Evacuees waiting to return home after Bali volcano alert

27 Octobre 2017
Author: UNFPA
Mothers share their stories with a UNFPA staff at Ulakan Camp. © UNFPA Indonesia/Nun Sol Jang
Mothers share their stories with a UNFPA staff at Ulakan Camp. © UNFPA Indonesia/Nun Sol Jang

ULAKAN CAMP, Indonesia – Escalating volcanic activity at Mount Agung in Bali prompted Indonesian authorities to issue an SOS alert, the highest-level warning, on 22 September. By 6 October, over 139,000 people had been evacuated.

UNFPA is providing critical hygiene supplies, as well as kits containing supplies for pregnant women, post-partum women and newborns.

UNFPA is also supporting the government’s reproductive health services for the evacuated, many of whom are living in camps, temporary shelters or with host families.

Mount Agung in Bali. Photo from 2016. © Nuansa Pedesaan /Wikimedia Commons/CC BY-SA 2.0

“I am concerned,” said one disaster expert while distributing assistance in early October.

“From October to December is the rainy season. We should consider diarrhoea and other diseases as a result of insufficient clean water and living conditions in camps.”

Feeling torn

For many Balinese, Mount Agung is more than a just mountain – in rituals, it is a symbol of Mother Nature, a protective force. But the volcano also poses a significant threat: The last time Mount Agung erupted, in 1963, over 1,000 people were killed.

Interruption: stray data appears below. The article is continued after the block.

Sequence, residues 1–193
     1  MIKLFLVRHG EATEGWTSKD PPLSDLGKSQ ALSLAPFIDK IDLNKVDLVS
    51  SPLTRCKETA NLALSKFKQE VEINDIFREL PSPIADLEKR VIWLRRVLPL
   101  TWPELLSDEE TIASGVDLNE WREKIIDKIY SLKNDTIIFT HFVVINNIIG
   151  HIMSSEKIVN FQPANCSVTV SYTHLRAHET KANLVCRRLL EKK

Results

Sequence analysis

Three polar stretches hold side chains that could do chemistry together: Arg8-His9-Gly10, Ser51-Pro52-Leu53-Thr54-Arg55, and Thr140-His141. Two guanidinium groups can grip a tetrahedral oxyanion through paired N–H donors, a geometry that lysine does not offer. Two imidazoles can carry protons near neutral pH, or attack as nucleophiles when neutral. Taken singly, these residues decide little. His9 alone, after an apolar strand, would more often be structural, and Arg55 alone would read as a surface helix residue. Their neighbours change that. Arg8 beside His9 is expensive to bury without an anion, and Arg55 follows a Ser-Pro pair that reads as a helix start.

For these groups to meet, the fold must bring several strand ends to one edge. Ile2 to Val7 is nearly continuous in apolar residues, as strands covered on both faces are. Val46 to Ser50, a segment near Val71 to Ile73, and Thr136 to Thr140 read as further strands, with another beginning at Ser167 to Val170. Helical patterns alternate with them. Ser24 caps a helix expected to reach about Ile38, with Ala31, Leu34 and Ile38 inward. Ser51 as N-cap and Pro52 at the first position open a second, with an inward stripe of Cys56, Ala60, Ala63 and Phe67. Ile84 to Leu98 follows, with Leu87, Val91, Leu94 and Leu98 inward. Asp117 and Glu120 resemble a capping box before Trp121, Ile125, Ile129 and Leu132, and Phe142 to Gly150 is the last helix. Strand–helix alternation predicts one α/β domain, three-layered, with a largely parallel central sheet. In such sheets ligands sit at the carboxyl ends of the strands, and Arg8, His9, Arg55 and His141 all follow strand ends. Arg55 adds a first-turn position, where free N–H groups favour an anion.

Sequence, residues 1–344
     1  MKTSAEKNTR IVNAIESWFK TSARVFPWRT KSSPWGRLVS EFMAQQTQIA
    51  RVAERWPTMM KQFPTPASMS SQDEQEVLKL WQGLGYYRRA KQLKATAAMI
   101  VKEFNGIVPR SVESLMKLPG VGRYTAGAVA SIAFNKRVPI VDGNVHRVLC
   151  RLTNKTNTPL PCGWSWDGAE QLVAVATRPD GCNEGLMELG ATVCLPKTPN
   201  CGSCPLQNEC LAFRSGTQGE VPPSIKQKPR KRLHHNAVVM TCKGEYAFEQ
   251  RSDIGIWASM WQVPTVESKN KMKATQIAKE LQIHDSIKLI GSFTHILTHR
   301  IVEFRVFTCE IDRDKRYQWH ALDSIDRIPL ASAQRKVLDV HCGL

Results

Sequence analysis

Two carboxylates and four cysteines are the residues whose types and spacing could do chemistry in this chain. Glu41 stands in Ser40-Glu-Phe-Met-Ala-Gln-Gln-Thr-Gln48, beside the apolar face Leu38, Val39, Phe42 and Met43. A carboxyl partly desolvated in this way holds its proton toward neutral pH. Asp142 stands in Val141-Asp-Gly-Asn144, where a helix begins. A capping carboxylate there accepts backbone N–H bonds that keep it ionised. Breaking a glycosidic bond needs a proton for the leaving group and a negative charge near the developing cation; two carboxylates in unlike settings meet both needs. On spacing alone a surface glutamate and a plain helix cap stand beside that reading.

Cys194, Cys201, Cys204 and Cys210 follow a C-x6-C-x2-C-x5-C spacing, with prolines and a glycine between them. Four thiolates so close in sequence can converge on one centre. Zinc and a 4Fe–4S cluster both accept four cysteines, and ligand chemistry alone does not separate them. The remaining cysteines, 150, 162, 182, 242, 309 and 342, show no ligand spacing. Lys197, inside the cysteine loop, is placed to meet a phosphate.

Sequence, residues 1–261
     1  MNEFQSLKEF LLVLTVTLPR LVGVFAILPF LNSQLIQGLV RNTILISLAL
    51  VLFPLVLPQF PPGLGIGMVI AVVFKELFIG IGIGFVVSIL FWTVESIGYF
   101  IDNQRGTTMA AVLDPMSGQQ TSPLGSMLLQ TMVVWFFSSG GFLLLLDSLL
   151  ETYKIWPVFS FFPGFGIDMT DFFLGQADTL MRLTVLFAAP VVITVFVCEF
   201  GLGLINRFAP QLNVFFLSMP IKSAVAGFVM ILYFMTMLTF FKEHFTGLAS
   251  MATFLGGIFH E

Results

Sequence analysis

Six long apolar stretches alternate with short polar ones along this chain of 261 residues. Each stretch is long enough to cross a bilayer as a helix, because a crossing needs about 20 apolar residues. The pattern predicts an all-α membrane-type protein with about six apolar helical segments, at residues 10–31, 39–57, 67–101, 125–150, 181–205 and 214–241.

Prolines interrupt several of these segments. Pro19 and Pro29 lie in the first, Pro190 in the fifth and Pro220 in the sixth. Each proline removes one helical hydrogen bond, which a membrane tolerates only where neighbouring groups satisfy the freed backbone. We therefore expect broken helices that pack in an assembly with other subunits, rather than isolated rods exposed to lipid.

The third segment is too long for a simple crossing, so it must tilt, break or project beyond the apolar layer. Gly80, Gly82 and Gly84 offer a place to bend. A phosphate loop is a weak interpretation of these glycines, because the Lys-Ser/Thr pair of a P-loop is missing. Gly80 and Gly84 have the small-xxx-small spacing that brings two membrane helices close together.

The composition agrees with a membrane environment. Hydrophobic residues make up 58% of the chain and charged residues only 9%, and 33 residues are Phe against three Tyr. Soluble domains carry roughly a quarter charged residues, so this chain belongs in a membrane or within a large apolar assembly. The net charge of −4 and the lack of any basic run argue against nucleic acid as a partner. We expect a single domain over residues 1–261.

So far, the evacuation is just a precaution. But as the weeks drag on, the disruption to daily life is growing.

Tens of thousands of people are dispersed across 417 locations in nine districts and cities. The conditions are good and the local government has been supportive, the evacuees reported. But many say they feel torn between maintaining their safety and returning home to resume their lives.

A pregnant evacuee speaks with a UNFPA staff member. © UNFPA Indonesia/Nun Sol Jang

Women interviewed said their husbands return home during the day to care for their cows, chicken and property, then return to the camps in the afternoon.

One women, at the Manggis 2 camp, said she and her son have been staying in the camp for weeks. Though she is happy with the support they have received from the government, the disruption has been difficult.

“I don't know how to handle the condition if we have to stay here longer,” she said.

Support for mothers and babies

UNFPA is working closely with the Ministry of Health, conducting a joint mission and providing health supplies and equipment to support health-care services.

UNFPA is supporting reproductive health services for evacuated communities. © UNFPA Indonesia/Nun Sol Jang

With over $33,000 from the Australian Department of Foreign Affairs and Trade, UNFPA was able to provide 1,200 hygiene kits, 480 maternity kits, and 160 post-delivery kits in early October.

The Ministry of Health also distributed 160 UNFPA-provided newborn kits.

Still, as the weeks drag on, evacuees are growing restless. Many are staying in large communal tents without any dividers to separate families or individuals.

Thirty-year-old Komansari, for instance, is living in close proximity to 80 other people. Her family first arrived weeks ago, she said. They have no idea when will they be able to return home.

Population : 273.5 mil
Taux de fertilité
Ratio de mortalité maternelle
Taux de prévalence contraceptive
Population âgée de 10 à 24 ans
Inscription des jeunes en enseignement secondaire
Garçons 78%
Filles 80%

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